Updated: Feb 16, 2021
Meeting our babies’ physical and emotional needs on a 24/7 basis is important for raising a secure and emotionally healthy child, but it has an impact on our body and mind. You don’t need me to tell you that when our babies cry, we feel it in our body like no one else. Or when our child has a tantrum in public, we are flooded with critical thoughts and stress hormones. Then, there are the enduring everyday stressors of feeding, changing and bathing a baby, all on very little sleep. Parenting can be a highly stressful occupation.
What happens to the brain during excessive stress
Most of the time our brains are equipped with a care system that drives us to be fully focused on our babies’ needs, which in turn helps us tolerate the stress involved in taking care of them. However, during times of unmanageable stress – which is experienced differently depending on our own attachment history – the areas of our brain that are essential for responsive parenting can become ‘blocked’.
‘Blocked Care’ is a neurobiological term coined by Dr Dan Hughes, attachment specialist, and Dr John Baylin, Clinical Psychologist in their innovative book ‘Brain Based Parenting: The Neuroscience of Caregiving for Healthy Attachment’. It describes the way that when we are highly stressed, our brains are busy looking out for a threat (the job of the amygdala) rather than rationalising our thoughts and regulating our emotions (the job of the prefrontal cortex).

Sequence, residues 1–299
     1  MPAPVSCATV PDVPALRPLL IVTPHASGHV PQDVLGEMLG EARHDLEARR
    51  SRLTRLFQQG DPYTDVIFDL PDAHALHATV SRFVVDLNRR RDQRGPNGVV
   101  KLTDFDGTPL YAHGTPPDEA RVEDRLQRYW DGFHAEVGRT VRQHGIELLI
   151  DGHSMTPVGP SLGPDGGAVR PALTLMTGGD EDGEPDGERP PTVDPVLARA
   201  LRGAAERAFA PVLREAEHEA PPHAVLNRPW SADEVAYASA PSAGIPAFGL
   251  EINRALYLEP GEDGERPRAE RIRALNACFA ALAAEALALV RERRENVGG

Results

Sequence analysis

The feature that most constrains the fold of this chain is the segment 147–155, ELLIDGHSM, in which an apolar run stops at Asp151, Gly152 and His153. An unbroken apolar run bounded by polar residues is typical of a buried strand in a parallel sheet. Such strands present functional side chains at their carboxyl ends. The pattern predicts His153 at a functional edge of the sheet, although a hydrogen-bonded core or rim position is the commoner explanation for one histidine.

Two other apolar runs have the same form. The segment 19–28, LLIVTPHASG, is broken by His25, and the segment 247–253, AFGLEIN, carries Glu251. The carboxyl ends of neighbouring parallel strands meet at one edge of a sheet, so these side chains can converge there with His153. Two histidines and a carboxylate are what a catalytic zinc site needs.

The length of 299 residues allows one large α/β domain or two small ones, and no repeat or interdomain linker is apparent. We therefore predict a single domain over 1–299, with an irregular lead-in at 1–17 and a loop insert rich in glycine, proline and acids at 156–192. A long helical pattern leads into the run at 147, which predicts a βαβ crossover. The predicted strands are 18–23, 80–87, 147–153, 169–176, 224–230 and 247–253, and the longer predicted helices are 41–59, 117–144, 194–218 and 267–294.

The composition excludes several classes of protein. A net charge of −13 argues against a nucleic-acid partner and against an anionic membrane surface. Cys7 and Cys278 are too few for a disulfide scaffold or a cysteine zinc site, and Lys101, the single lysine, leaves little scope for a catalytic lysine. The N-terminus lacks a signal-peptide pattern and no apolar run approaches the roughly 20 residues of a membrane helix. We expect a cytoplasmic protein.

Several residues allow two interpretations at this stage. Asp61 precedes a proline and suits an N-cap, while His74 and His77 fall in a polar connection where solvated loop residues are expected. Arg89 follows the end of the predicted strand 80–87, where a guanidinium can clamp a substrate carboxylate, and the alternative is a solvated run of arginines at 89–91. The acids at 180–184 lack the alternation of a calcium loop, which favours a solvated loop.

When our prefrontal cortex goes offline in periods of peak stress, it is much harder to self-monitor, tune into our children, resolve conflicts and solve problems effectively. We are more likely to focus on the negative behaviours of our child, which in turn suppresses the positive feelings that help us sustain a deep connection with them. Additionally, we are more likely to be judgemental about both our child and ourselves.
When we experience blocked care, we are more at risk of parenting outside of the way we would ideally want to. That mum that lost it with her children in the park. The dad that pulled his child up off the floor a little too hard. The times I have said to myself “I am failing at this”. We have all been there from time to time but when this happens regularly, it could be a sign of stressed-out parenting and blocked care.
The solution to blocked care? Parents prioritising their self-care